The Constitution Treaty of 2004 that was rejected in referenda by two member states offered for the first time a clear distinction of EU and member states’ competences. The Lisbon Treaty retained this classification of competences into exclusive, shared and competences where the EU may take action only to support, coordinate or complement member states’ activities. Those areas that are not specifically mentioned in the Treaties remain the responsibility of the member states.

The scope and the use of EU competences are governed by the following guiding principles:

  1. Principle of conferral - it means that power cannot be transferred from member states to the EU without consent of the member states i.e. member states agree to allocate part of their sovereignty and autonomy to the Union’s institutions. Conferral of powers is managed through the treaties.  
  2. Principle of subsidiarity – in areas which are not under exclusive EU competence, the EU can take action only where the same objectives cannot be sufficiently achieved by a lower level of governance (member states or subnational levels) and can, thus be better achieved at the EU level.
  3. Principle of proportionality - states that the EU may only do what is necessary, and not more, in order to achieve its objectives.

A special protocol governs the application of the latter two principles.

There are six exclusive competences and in those areas the EU makes legislation and decisions independently. Member states make no decisions and do not interfere with the competence in these matters transferred to the EU. The European Commission has been granted power to issue decisions in these areas. Exclusive competences are:

  1. customs union;
  2. the establishing of the competition rules necessary for the functioning of the internal market;
  3. monetary policy for the Member States whose currency is the euro;
  4. the conservation of marine biological resources under the common fisheries policy;
  5. common commercial policy;
  6. conclusion of an international agreement when its conclusion is provided for in a legislative act of the Union or is necessary to enable the Union to exercise its internal competence.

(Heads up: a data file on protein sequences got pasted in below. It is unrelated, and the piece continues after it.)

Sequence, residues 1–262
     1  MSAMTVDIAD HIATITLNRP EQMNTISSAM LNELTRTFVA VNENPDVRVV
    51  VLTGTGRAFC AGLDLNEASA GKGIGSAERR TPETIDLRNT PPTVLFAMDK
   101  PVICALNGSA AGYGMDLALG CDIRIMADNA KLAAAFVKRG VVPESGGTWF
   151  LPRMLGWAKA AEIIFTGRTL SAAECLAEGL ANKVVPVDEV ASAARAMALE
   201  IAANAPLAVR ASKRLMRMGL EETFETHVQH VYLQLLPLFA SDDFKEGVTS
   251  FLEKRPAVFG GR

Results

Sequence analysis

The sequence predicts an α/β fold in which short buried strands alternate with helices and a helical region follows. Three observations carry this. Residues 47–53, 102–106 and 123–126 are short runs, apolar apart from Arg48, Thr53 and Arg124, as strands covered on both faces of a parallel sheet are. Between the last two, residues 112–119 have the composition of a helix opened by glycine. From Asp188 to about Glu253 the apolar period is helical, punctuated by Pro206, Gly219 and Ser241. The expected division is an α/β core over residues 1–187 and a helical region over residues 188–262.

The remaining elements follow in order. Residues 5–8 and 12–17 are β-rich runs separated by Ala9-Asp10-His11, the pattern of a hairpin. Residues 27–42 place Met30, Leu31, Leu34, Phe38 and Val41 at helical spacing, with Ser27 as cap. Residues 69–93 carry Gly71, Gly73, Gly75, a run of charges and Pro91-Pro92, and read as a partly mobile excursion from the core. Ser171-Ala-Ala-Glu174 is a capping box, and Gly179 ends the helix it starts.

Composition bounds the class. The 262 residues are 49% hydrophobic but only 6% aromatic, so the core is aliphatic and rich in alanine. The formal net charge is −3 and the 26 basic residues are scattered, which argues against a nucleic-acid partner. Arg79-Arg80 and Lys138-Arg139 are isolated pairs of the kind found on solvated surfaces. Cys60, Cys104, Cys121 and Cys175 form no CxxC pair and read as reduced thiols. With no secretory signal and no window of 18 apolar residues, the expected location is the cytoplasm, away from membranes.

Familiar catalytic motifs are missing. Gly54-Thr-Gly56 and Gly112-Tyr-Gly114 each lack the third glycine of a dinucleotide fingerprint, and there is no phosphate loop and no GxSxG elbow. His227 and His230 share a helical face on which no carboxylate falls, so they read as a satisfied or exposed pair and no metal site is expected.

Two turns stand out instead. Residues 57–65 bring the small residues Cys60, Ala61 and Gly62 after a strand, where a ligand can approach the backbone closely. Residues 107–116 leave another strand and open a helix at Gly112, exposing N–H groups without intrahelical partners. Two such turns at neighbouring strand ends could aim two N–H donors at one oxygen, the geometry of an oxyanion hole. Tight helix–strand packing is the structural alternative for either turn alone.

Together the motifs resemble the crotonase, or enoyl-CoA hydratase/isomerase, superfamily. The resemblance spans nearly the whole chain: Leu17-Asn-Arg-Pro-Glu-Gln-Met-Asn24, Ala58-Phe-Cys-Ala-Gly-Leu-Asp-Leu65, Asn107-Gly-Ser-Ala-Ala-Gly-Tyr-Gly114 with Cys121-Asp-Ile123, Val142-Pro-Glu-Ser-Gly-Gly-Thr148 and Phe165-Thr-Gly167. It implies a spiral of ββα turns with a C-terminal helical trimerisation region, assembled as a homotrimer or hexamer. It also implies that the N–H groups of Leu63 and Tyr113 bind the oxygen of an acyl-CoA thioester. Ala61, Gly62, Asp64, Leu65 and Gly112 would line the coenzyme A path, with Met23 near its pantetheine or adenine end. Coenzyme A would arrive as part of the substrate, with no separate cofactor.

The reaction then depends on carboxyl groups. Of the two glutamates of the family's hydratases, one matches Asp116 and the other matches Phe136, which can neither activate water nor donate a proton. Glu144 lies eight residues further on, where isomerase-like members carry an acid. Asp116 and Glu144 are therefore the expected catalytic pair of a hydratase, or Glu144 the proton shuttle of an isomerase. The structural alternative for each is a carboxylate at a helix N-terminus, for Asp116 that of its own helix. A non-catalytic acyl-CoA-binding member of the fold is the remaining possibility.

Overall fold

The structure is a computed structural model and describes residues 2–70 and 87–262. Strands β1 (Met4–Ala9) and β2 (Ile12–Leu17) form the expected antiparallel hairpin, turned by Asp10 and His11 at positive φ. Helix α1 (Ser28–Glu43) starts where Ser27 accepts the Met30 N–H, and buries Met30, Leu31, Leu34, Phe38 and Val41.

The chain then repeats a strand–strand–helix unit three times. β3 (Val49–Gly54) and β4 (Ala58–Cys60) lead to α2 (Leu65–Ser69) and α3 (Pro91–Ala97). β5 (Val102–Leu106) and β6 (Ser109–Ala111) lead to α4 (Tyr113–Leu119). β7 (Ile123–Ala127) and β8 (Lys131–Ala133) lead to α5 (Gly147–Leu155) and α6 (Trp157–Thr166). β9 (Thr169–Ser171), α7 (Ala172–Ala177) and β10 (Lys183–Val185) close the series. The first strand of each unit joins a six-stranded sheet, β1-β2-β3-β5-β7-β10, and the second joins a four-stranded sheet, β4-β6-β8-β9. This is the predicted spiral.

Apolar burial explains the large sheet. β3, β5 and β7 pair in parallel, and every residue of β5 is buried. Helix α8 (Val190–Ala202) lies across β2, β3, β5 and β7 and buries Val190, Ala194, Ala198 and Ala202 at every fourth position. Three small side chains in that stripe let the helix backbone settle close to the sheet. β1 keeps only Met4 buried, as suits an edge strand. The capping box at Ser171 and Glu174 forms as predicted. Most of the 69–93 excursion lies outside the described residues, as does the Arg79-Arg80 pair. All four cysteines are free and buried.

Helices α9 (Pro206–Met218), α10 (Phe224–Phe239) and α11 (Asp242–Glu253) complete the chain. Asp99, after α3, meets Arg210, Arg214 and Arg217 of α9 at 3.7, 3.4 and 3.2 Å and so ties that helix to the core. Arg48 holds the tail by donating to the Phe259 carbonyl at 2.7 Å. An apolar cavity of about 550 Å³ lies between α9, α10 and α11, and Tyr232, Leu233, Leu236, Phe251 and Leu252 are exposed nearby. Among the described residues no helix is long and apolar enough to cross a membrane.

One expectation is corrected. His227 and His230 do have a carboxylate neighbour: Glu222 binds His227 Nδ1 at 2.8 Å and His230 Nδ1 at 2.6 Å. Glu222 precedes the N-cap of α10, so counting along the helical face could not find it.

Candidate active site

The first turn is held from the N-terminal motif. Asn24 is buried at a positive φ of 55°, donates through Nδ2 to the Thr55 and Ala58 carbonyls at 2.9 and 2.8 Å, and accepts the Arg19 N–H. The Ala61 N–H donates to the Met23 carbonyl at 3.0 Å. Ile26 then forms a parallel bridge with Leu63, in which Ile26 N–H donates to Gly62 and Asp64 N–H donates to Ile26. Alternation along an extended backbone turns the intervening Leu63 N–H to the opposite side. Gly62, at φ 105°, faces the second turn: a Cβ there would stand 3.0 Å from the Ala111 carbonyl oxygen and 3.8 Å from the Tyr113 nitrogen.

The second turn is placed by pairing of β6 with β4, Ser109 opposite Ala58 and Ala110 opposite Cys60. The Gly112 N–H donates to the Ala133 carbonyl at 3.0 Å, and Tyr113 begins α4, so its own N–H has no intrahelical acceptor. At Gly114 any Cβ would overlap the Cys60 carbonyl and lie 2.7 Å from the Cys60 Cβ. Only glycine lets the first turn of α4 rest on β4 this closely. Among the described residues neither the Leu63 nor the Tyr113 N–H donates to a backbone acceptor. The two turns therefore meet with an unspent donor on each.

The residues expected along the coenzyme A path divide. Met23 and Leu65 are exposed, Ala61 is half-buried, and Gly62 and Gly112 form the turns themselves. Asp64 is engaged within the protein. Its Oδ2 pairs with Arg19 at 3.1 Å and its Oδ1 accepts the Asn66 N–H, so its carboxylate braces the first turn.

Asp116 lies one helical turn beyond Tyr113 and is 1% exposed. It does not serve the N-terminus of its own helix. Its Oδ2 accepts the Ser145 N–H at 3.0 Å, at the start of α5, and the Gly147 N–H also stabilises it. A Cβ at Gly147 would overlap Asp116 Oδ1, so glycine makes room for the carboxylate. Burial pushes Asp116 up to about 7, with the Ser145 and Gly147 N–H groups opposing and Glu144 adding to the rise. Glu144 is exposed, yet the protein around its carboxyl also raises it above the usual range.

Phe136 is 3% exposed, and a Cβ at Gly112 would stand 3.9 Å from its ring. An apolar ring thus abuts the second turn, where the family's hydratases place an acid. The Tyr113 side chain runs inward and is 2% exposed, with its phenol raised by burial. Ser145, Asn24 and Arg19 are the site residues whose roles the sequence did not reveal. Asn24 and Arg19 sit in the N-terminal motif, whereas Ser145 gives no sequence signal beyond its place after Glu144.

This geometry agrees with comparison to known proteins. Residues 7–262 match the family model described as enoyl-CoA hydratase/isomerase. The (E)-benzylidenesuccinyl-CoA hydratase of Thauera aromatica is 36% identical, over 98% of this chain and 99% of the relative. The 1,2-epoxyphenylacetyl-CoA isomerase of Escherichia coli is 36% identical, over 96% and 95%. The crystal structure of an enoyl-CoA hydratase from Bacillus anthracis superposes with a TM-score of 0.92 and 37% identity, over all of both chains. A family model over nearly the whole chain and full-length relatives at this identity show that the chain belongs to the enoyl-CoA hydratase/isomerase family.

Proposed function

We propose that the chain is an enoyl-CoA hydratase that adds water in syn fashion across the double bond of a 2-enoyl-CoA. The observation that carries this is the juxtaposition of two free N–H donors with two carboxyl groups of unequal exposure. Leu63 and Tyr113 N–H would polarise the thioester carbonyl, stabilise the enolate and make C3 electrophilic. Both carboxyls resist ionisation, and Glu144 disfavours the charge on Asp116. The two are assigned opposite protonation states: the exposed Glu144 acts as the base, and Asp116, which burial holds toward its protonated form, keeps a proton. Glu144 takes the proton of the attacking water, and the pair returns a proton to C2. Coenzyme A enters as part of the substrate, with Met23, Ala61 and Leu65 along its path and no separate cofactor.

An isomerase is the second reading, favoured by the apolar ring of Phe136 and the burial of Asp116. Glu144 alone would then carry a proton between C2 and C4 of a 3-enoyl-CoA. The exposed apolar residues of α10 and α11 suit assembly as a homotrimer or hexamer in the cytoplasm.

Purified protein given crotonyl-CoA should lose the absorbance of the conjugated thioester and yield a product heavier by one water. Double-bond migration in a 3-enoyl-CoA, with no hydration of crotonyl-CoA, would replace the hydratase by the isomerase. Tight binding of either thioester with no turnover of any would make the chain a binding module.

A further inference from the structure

The vast majority of policies come under the heading of shared competences. In these areas, both member states and the EU have the power to make laws. However, when the EU and its member states share a competence, the member state loses its power to take decisions when the EU has regulated a certain area. According to Article 4 of The Lisbon Treaty, the Union shares competences with the Member States in cases where the Treaties confer on it a competence which falls neither into the category of exclusive EU competences nor into the supportive/coordinating/supplementing competences enumerated in Article 6.

Shared competences apply in the following principal areas: internal market, social policy, for the aspects defined in the Treaty, economic, social and territorial cohesion, agriculture and fisheries (excluding the conservation of marine biological resources), environment, consumer protection, transport, trans-European networks, energy, area of freedom, security and justice and common safety concerns in public health matters. In the areas of research, technological development and space, development cooperation and humanitarian aid, the Union also has competence but the exercise of that competence does not prevent member states from exercising theirs.

The EU can support, co-ordinate or complement the actions of the member states. The EU does not acquire any additional legislative powers insofar as it can act only to support the actions of member states, falling short of harmonization of national law. These areas include: the protection and improvement of human health, industry, culture, tourism, education, youth, sport and vocational training, civil protection (disaster prevention), administrative cooperation etc.


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